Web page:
Re:That's an easy one! (2, Insightful)

bluefoxlucid (723572) | more than 6 years ago | (#22744868)

Absolute positioning is a myth. Think about motion and momentum for a while and you'll get it.

Re:That's an easy one! (1)

countSudoku() (1047544) | more than 6 years ago | (#22745220)

Exactly. This is why I'm subscribing to your newsletter. Is not the Solar System also in motion, as is the Milky Way Galaxy, and our local galactic cluster, plus the expanding of the known universe via the Big Bang? The placement of Earth in timespace is not just about figuring out where it is in orbit around the Sun. Think bigger. Many other motions are to be accounted for before we can land the Tardis on good old Earth, in the past at the correct timespace location.

Re:That's an easy one! (1)

isomeme (177414) | more than 6 years ago | (#22744950)

Hm, yes...you'd need something that could land your at both your targeted time, and a relative dimension in space. I'm sure nobody has ever thought of such a device previously.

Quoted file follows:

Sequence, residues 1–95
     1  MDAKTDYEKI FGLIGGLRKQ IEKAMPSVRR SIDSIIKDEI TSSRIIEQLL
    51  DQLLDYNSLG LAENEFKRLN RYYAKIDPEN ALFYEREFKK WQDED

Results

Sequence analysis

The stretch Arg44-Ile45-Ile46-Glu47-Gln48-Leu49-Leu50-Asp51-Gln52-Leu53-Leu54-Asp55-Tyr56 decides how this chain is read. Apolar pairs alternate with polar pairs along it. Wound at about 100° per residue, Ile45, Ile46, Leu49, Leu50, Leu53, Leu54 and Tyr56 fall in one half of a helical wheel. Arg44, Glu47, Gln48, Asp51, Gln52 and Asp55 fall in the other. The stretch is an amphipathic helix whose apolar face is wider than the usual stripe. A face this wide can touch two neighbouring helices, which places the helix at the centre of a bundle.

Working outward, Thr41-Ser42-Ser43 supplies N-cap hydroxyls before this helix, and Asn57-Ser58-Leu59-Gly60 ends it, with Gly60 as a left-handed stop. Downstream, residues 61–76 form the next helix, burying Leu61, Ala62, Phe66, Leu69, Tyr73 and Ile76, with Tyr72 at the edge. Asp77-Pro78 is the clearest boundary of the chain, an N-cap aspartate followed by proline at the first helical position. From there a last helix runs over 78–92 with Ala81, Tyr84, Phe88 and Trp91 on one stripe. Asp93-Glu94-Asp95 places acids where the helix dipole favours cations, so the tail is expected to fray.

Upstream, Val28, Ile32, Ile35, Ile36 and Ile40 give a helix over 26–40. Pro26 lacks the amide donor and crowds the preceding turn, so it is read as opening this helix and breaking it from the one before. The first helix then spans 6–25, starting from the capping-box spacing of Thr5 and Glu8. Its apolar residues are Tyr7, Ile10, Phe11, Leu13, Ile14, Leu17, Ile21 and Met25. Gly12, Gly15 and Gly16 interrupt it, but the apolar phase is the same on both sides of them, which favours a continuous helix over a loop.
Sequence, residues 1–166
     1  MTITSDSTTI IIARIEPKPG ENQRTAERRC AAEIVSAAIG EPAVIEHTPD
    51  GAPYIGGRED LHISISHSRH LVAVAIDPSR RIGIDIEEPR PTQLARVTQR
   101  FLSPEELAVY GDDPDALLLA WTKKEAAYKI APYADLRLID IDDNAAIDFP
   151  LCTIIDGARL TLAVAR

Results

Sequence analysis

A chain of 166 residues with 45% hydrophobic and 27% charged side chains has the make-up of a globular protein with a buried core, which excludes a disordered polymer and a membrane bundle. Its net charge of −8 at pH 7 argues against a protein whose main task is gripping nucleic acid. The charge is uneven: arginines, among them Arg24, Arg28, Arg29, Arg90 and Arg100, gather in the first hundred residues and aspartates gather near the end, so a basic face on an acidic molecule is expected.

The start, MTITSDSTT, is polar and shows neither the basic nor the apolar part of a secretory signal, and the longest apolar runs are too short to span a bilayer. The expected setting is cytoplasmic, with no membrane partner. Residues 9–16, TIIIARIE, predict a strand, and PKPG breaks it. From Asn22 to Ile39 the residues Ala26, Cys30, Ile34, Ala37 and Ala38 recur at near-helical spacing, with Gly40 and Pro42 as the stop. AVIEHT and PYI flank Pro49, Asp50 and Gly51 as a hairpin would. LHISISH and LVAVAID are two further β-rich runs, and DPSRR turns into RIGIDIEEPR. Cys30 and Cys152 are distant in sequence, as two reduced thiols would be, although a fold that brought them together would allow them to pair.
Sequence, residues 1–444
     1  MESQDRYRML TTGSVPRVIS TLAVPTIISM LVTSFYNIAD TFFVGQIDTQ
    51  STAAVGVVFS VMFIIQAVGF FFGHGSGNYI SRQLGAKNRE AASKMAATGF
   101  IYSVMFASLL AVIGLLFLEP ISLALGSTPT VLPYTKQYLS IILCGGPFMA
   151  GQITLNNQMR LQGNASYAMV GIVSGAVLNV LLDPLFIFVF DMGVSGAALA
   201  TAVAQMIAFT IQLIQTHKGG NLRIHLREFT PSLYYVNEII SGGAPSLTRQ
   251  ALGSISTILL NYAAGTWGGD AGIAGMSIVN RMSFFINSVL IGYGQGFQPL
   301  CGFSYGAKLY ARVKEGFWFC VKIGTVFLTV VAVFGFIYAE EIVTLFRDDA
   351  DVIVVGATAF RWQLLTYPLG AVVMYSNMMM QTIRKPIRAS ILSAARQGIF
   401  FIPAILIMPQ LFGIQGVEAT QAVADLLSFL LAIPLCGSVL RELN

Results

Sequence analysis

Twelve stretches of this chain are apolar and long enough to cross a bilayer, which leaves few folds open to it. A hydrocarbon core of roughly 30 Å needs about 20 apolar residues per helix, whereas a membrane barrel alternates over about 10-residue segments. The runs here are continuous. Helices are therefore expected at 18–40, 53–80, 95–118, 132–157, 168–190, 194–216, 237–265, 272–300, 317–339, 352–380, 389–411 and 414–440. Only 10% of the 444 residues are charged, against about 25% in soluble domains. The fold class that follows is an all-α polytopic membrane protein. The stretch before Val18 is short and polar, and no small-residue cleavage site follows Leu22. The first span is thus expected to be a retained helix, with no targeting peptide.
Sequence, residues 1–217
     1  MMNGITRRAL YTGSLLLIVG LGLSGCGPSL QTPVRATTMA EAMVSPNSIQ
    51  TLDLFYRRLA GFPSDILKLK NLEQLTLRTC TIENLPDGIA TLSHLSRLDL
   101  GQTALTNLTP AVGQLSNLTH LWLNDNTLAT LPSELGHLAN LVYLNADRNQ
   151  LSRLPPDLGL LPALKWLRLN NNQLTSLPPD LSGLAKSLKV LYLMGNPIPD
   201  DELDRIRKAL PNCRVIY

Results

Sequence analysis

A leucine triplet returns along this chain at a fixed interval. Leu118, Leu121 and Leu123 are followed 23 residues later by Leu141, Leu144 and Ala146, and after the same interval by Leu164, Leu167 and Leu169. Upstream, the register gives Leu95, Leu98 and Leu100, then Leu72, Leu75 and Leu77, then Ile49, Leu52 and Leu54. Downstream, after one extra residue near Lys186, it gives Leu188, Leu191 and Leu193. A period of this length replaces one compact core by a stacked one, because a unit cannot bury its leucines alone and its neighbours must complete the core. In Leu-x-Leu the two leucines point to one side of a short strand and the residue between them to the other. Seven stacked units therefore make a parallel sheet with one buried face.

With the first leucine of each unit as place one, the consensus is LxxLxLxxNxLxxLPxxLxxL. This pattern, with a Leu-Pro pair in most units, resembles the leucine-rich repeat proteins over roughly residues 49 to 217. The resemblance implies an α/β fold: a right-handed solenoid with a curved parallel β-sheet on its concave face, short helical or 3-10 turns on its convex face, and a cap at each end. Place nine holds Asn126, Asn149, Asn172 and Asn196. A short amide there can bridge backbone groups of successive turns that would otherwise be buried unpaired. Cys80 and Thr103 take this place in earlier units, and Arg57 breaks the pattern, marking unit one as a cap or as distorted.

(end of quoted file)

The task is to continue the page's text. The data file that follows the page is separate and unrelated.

We just need solar flares and a star gate for time (1)

Joe The Dragon (967727) | more than 6 years ago | (#22744952)

We just need solar flares and a star gate for time travel.

and the SGC has laser guns and FORCE FIELDS.

The hard thing with laser guns is POWERING them.

There are being tested at area 51.

Re:That's an easy one! (0)

Anonymous Coward | more than 6 years ago | (#22744964)

hm. so just time travel in year increments!

Re:That's an easy one! (1)

damien_kane (519267) | more than 6 years ago | (#22745028)

At least you know exactly when the earth will be swinging by to pick you up...

All you have to do now is survive the week

Re:That's an easy one! (0)

Anonymous Coward | more than 6 years ago | (#22745084)